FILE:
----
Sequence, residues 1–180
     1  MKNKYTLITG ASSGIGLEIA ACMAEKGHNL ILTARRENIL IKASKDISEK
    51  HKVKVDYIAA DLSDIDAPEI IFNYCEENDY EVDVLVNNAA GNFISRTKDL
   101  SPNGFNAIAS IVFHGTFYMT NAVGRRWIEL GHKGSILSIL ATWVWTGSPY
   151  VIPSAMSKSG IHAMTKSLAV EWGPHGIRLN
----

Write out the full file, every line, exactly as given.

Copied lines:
Sequence, residues 1–180
     1  MKNKYTLITG ASSGIGLEIA ACMAEKGHNL ILTARRENIL IKASKDISEK
    51  HKVKVDYIAA DLSDIDAPEI IFNYCEENDY EVDVLVNNAA GNFISRTKDL
   101  SPNGFNAIAS IVFHGTFYMT NAVGRRWIEL GHKGSILSIL ATWVWTGSPY
   151  VIPSAMSKSG IHAMTKSLAV EWGPHGIRLN